Lady's mile
work in progress
in Collaboration with Peter Eramian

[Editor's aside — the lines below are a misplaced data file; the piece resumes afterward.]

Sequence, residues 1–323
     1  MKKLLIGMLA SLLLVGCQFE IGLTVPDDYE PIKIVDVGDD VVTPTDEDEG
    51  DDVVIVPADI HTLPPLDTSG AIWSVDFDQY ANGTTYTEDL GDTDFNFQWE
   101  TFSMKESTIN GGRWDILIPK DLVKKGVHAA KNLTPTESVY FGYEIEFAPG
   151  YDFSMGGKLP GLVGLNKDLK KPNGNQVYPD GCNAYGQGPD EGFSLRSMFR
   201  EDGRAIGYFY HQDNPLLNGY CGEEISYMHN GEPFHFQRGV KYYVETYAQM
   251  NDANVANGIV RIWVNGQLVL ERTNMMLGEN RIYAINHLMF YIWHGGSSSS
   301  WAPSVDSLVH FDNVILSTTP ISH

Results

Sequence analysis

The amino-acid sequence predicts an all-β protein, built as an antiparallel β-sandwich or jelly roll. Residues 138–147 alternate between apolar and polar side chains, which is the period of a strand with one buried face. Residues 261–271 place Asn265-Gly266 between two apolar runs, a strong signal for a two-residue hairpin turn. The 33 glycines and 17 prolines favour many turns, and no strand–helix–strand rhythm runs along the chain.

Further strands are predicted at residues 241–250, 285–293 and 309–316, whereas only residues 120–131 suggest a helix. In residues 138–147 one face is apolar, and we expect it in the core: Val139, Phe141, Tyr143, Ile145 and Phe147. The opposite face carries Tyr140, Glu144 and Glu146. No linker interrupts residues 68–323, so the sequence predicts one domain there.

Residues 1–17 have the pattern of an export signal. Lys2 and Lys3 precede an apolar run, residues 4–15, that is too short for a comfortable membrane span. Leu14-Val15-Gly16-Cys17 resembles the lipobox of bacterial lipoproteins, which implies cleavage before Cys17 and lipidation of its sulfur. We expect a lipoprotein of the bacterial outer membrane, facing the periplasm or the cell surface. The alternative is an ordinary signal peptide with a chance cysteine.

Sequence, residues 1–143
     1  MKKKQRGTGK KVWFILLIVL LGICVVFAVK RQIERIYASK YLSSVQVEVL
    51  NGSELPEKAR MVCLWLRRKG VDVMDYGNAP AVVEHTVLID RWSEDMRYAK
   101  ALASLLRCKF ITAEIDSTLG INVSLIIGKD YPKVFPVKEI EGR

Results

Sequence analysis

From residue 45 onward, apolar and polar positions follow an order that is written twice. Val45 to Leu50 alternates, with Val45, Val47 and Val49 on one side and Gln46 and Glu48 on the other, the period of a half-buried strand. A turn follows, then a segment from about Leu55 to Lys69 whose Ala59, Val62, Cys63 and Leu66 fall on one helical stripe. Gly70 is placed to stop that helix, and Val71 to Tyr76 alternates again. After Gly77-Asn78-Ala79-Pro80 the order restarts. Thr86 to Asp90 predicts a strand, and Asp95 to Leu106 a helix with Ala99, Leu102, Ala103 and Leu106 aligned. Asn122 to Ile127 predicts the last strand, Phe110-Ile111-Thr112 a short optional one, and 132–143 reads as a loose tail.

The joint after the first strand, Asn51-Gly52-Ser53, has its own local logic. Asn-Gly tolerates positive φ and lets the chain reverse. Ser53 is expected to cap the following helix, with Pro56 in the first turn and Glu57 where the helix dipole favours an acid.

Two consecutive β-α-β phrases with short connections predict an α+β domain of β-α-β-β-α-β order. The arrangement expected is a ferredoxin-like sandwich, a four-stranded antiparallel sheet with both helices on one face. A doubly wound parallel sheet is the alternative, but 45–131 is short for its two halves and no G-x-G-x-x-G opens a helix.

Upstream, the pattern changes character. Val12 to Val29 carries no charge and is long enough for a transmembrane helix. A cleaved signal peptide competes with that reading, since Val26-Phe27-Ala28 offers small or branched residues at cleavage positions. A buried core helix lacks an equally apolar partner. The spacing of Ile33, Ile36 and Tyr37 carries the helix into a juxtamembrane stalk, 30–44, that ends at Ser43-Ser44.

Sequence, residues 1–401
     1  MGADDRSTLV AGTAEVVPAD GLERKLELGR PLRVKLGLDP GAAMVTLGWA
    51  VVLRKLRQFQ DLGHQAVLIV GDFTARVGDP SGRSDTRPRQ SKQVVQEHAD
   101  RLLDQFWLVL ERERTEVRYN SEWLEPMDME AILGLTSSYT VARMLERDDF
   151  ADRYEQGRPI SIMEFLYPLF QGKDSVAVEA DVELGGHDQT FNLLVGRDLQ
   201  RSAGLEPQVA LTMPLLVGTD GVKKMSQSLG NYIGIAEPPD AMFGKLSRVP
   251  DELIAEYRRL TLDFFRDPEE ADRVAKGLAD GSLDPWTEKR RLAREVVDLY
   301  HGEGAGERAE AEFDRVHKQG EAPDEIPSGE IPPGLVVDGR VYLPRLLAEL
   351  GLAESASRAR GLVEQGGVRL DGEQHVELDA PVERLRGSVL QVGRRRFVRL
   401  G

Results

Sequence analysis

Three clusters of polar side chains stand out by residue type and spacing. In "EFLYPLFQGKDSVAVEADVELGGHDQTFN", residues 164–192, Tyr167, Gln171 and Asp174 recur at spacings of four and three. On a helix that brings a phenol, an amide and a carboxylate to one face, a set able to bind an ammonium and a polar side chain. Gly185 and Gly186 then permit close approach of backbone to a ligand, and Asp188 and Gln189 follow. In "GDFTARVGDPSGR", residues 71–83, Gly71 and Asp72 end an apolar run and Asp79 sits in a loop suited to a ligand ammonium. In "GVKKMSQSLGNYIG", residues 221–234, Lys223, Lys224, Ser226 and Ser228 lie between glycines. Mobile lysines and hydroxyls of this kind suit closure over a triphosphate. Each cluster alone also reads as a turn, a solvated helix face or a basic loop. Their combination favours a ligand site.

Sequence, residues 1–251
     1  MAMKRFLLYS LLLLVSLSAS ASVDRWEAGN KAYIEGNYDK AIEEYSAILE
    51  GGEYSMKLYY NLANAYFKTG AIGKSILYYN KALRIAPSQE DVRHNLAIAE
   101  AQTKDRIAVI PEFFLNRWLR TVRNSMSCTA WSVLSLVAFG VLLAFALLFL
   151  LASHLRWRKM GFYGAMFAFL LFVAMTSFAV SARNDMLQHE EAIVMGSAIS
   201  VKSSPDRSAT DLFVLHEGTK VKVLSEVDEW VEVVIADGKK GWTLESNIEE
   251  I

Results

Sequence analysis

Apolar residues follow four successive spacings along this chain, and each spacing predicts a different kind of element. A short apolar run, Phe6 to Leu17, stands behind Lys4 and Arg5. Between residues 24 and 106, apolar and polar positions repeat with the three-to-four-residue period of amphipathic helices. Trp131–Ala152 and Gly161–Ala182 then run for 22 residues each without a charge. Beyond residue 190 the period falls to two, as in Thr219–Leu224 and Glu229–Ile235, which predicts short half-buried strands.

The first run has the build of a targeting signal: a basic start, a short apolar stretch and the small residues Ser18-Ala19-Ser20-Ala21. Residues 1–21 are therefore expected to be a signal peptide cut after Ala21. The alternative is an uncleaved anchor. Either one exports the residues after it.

Stelios Kallinikou presents a selection of photographs from his on going exploration of Lady's Mile, a 7km stretch of undeveloped flat sand that stretches down the east coast of the Akrotiri peninsula in Limassol/Cyprus, and the surrounding areas. The beach is located within the British Western Sovereign Base Area, one of two territories (the other being Dhekelia) controversially retained by the British under the 1960 treaty of independence. 'Lady’s Mile' received its name from the British governor, who used to exercise his horse, 'Lady', along this coastal stretch. For many local Cypriot families Lady's Mile remains a beloved beach. Neither a place nor a non-place, neither Cypriot nor non-Cypriot, Lady's Mile is more akin to a mutated dream set. South of the beach are the guarded RAF bases where fighter planes can often be seen and heard training; gigantic British radio-listening communication antennas loom over the landscape, their presence an on going heated concern for locals worried about radiation emissions; sand dunes are exploited by motocross enthusiasts and the open space by model airplane aficionados; vessels up to 250m long can be seen plodding in the north of the beach, where lies Cyprus' largest and busiest seaport, also an evacuation point for refugees fleeing conflicts in the Middle East; and lastly, the large marshy Akrotiri salt lake is only a few hundred meters away, considered one of the Eastern Mediterranean's most important wetlands, attracting thousands of wading birds and Greater Flamingos, stopping over during migration between Africa and Europe. These diverse cultural, historical, geographic and natural elements, coexisting side-by-side, conjure an otherworldly aesthetic that challenges our presuppositions of what makes up a geographic identity.